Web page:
Many companies manage their business on some geographic basis—whether called districts, territories, markets, regions, or zones— and evaluate metrics and managers correspondingly. It is not uncommon to find large variations in market shares for brands across these geographic markets. These regional skews appear to be ubiquitous across most industries.
Our interest in the topic was inspired by a real-life example that occurred in the retail gasoline industry. A major oil company found wide variation in loyalty rates for its brand in each of its marketing territories. Specifically, one territory was identified as a low performer. Loyalty matters in the gasoline industry. A loyal heavy user spends about $1,800 towards a particular brand. The company spent enormous resources to improve loyalty in this market by employing a variety of strategies including customer satisfaction programs, promoting ownership of its proprietary credit card, and even replacing managers but loyalty rates were stagnant. Then someone suggested an analysis of the loyalty rates of all brands in this specific market and they found that all brands in the market had low loyalty rates. Perhaps the specific market had some distinct characteristics. So how should one manage and evaluate company performance across geographic markets?
In a recent paper, my co-authors, Rupi Jindal and Ed Blair, and I provide some pointers to how managers should utilize the marketing levers at their disposal. A firm would do well to allocate relatively more effort to customer satisfaction efforts in territories where it holds a lower market share and relatively more effort to relational investments (e.g. proprietary credit card, loyalty programs etc.,) in territories where it holds a higher share. A “one size fits all geographic markets” approach is not appropriate for either evaluating or managing brand performance at a territorial level.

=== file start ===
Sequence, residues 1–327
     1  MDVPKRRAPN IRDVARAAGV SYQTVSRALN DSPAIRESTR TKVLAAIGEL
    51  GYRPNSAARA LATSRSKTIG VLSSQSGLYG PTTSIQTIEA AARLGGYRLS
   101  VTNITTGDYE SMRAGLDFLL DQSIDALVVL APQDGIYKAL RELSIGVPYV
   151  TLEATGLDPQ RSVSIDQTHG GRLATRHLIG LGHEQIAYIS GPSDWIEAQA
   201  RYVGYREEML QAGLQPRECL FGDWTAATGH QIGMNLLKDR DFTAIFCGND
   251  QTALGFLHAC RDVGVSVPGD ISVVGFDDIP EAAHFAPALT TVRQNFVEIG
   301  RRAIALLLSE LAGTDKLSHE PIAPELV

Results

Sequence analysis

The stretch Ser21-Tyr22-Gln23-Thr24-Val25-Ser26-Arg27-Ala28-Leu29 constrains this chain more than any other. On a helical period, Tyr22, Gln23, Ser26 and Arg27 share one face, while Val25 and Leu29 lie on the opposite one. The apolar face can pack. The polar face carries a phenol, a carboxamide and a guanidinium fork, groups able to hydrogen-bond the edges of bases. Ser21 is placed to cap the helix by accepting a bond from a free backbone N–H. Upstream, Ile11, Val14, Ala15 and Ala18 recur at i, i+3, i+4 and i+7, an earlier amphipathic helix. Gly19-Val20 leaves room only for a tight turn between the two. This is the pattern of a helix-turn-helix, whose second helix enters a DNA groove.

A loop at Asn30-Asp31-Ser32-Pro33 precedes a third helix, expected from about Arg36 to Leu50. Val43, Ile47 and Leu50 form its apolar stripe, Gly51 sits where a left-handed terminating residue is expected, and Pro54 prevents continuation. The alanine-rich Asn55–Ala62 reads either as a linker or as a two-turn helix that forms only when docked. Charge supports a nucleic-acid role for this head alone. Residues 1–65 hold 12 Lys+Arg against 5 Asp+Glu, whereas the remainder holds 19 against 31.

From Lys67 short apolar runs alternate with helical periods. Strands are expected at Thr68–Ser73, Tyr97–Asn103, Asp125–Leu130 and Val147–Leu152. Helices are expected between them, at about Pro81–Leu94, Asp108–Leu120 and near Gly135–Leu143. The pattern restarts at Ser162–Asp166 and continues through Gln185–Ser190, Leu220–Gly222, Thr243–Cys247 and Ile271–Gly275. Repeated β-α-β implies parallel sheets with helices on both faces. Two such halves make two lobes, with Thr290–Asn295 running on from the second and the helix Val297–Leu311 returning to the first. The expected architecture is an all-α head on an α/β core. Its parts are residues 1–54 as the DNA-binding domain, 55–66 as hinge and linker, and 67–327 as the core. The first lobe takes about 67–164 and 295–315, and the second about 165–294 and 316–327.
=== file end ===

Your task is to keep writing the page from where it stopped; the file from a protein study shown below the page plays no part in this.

A brand’s performance in any given territory should be evaluated by comparing it to the other brands operating in the specific territory rather than by comparing it with its performance in other territories. Tailoring plans at the territorial level by utilizing different levers for different markets, customizing patterns of local expenditures, and evaluating local managers with due consideration to differences in their territorial markets is the path to “national” dominance for brands.
Professor of Business Administration and
James F. Towey Faculty Fellow and
Executive MBA Academic Director